Hosta Diseases, Hosta Virus X, and Foliar Nematodes
About Common Hosta Diseases
Plant diseases or foliar nematodes are expensive, time consuming, and frustrating. Diseases and nematodes can spread fast and at times are impossible to cure once they are in your soil or plants. Be careful about the materials you put in your garden and practice good plant disease-prevention.
In our years in business, HostasDirect, Inc. has never had a report of selling a diseased plant. Sources of plant diseases vary by the disease and plant but include: nurseries (including online sources), amateur's selling or sharing plants, neighbors' yards, gift plants, contaminated soil added to your garden, infected shoes, tools or animals entering your gardens.
Starter Hostas (TC) and Advanced Starters are disease-free. They are tested for diseases before being grown in "clean room" laboratories and greenhouses.
Mature Division hostas were started as Starter (TC) or Advanced Starters, planted and grown in the ground in quality soil.
We monitor plants and growing locations regularly and practice preventative proceedures with sterilizing shoes and tools, watching our plants closely and being very careful with soil selection and contamination.
You can find a brief disease overview here. Hostas are low-maintenance and quite disease-free, but there is still a chance that a disease could enter your garden. Try to prevent any diseased plants, soils, or plant matter from entering your garden and promptly remove and destroy any suspicious plants. Hosta diseases or pests include: Fusarium, Anthracnose, Botrytis Leaf Spot, Foliar Nematodes, Sunscald/ Drought, Crown Rot– Southern Blight, and Hosta Virus X(HVX). See additional information below.
HOSTA VIRUS X (see new HVX research dated January 1, 2011 below)
Hosta Virus X in 'Striptease'. Note green lines in center of leaf.
Heavy HVX symptoms in 'Sum and Substance'. Note how green tissue is looking thin and wrinkled.
HVX-infected 'So Sweet' held to light to better see mottling.
'Gold Edger' with HVX. Note sunken, glaucous green areas.
'June' showing classic "inkbleed" symptoms along the veins.
'Blue Cadet' showing lighter "inkbleed" areas along veins.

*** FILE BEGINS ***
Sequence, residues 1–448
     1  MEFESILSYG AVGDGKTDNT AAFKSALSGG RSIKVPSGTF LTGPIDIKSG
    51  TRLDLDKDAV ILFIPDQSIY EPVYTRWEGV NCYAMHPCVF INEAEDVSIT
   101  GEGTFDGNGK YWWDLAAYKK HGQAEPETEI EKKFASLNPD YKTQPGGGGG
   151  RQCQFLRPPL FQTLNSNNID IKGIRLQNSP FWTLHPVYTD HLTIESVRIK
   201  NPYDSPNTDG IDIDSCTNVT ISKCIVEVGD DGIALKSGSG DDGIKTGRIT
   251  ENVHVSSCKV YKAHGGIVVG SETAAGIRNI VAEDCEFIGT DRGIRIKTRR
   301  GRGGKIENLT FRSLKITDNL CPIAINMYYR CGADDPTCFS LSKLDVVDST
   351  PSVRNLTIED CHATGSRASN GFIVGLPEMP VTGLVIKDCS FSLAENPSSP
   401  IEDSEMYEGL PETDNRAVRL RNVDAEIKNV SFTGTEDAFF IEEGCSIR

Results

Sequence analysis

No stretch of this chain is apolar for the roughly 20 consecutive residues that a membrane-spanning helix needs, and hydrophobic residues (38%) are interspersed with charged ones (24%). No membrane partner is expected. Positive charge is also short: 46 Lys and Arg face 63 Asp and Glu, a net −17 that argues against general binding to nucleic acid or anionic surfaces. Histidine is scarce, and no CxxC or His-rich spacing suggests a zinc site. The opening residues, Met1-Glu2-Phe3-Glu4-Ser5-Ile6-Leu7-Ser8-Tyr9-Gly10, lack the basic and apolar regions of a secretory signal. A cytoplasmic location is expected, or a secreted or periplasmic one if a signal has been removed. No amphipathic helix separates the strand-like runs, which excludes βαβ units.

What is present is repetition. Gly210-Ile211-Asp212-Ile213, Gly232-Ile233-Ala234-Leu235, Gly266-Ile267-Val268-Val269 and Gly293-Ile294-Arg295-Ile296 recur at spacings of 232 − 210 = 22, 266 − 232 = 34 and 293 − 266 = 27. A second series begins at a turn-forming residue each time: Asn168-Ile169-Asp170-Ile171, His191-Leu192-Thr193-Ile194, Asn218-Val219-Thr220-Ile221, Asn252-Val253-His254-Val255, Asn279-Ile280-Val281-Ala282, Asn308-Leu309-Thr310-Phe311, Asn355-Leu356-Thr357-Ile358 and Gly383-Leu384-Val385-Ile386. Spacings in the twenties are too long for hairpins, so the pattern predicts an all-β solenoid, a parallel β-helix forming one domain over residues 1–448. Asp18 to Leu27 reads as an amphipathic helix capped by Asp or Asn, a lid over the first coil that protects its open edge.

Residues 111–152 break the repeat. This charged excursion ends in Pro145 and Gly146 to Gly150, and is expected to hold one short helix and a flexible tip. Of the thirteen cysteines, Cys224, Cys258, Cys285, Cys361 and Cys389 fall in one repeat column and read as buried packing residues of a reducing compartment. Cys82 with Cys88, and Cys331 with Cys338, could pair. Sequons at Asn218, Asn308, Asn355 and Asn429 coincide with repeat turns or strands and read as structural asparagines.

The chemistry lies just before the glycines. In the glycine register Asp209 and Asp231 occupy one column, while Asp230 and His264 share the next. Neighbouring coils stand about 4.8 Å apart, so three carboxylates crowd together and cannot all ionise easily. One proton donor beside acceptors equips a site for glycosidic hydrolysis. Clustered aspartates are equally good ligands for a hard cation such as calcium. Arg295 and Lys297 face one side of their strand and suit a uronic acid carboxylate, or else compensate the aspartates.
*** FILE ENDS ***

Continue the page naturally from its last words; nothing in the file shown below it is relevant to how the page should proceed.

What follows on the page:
Hosta Virus X: New Research and Information - January 1, 2011
Grace Anderson, MAg, UM Department of Plant Pathology recently completed her 23rd year as a Master Gardener in Hennepin County. She is a scientist in the Soybean Pathology Project at UMN and recently received the Master of Agriculture degree in Horticulture at the University of Minnesota. Conducting this research was one of the requirements for receiving this degree. The American Hosta Society, under the leadership of Cynthia Wilhoite (VP Genus Hosta, Indianapolis, Indiana) initiated an effort to obtain research-based, empirical data on the nature and transmission of the virus. Funds were obtained and the research effort was led by Dr. Ben Lockhart. Research experiments were designed to replicate the actions taken by gardeners and growers while maintaining and propagating hosta.
Hostas Virus X (HVX) is a plant virus in the Potexvirus group first identified in 1996 by Dr. Ben Lockhart a highly esteemed Plant Virologist working at the Department of Plant Pathology at the University of Minnesota, St. Paul Campus less than one mile from HostasDirect headquarters.
HVX is thought to be host specific and is not transmitted by traditional insect fungi, nematode vectors, seed or pollen. Hosta Virus X is transmitted mechanically through wounds created during propagation, transplanting, or sap to sap contact through dividing or trimming plants. Vegetative propagation of infected plants, whether by micro-propogation (tissue culture propogation) or division, will produce infected plants. Once a plant has HVX, there is no cure and it must be destroyed properly. HVX reduces plant vigor. It also destroys foliage appearance through leaf distortion, color bleeding, and necrosis. Symptoms of HVX vary among cultivars and may take years to surface.
1) Hosta virus X transmission was made during research experiements through the use of contaminated tools and by planting in soil containing pieces of infected plant material.
2) Infected plant materials kept in a refrigerator remained infective for more than 9 weeks. Fresh infected plant material was always infective. Soil with HVX infected plant debris and root material had the ability to infect for more than two years.